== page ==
Mary Alfred is Professor of Adult Education in the College of Education and Human Development (CEHD) at Texas A&M University. She is the Executive Director of the Texas Center for the Advancement of Literacy and Learning (TCALL), the statewide professional development and resource center for adult and literacy education providers in the state of Texas. Her research interests include women of color in STEM, international adult education, sociocultural contexts of immigration and adult learning, social welfare and economic disparities among low-income and low-literate adults, and issues of diversity and equity in higher education and in the workplace. She received her Ph.D. in Education Administration with a focus in Adult Education and Human Resource Development Leadership from the University of Texas at Austin.
Books by Mary Alfred:
The history of presidential politics reached a new and significant milestone with the election of Barack Obama in 2008. It sparked great hope in America for greater racial equity and social justice. A Paradise to Regain: Post-Obama Insights from Women Educators of the Black Diaspora seeks to avert the likelihood of erasure of President Obama’s legacy of hope and possibility that every child, regardless of race, faith, and gender affiliation, can dream big and live to see his/her dream turn into reality. As women educators of color, we all agree that the socio-political climate prevailing in the United States of America, since the aftermath of the 2016 election, requires unprecedented agency. The book provides space for Black women educators–African Americans, Naturalized Black Americans, and Foreign-born Blacks from Africa, the Caribbean Islands and South America (e.g., Guyana)–to have a candid conversation with their young children—sons and daughters, nephews and nieces—about the roadblocks they are likely to face as minority youth of color in their pursuit of greatness and the reminder that they have a role model in President Obama to look up to in moments of extreme frustration and exasperation. Voices of engaged educators of color are indispensable to make sure that children understand that that despite a 360-degree turn from eight consecutive years of a reassuring message that “change had come,” that paradise had been gained, into the threatening message of “making America white again,” we count on them to regain the paradise.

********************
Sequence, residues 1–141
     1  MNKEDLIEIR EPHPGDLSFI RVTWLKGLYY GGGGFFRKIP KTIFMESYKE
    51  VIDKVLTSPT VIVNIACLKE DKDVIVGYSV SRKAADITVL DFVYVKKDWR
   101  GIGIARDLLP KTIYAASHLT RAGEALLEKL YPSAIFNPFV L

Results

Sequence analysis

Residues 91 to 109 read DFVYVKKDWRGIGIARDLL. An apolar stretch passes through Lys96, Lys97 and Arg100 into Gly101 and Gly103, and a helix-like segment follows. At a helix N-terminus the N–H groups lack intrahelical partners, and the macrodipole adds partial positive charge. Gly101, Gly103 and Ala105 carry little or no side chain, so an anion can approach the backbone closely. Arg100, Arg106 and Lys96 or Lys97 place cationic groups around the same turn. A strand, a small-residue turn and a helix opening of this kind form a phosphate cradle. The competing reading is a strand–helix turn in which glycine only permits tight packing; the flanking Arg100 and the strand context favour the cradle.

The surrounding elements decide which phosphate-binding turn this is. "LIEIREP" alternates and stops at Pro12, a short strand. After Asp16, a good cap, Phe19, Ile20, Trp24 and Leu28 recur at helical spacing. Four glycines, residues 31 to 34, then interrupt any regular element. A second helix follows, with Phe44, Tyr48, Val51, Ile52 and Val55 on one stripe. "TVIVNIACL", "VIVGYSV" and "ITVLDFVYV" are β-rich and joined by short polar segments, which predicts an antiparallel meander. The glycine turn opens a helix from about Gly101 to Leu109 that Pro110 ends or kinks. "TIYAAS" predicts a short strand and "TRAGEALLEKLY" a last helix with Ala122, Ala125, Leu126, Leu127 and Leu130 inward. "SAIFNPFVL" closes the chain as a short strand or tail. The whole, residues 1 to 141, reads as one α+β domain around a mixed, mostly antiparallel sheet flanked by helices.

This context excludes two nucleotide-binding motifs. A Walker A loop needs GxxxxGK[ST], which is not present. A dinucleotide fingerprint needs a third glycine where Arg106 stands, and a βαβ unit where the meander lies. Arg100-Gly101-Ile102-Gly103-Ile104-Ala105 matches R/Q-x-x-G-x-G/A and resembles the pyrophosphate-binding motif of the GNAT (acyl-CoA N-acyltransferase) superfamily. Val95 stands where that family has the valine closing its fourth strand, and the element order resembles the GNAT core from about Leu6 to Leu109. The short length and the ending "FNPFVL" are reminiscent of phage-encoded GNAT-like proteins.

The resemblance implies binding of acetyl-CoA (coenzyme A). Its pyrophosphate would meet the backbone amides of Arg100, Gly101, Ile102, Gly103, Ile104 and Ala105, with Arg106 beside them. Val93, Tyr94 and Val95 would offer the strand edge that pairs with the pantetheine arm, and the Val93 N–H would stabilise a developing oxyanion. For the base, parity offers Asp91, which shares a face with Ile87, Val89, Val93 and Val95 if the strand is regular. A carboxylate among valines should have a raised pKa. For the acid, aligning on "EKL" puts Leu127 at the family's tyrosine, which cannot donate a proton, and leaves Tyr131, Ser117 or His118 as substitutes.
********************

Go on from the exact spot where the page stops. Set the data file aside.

Perfect for courses such as: Racism and Education Inequality in the Lives of African-American Youth, Introduction to the African Diaspora, Equity and Diversity in Schools, Place, Language, Power and Knowledge, Global and Multicultural Education in the Secondary School, Issues in Urban Education, Culture Power and Education, Social Class Education and Pedagogy, Language, Culture, and Education, The Politics of Literacy and Race in Schools, Race and Racism in Education and Society, Race, Ethnicity and Linguistic Diversity in Classrooms and Communities, and Education and Society.
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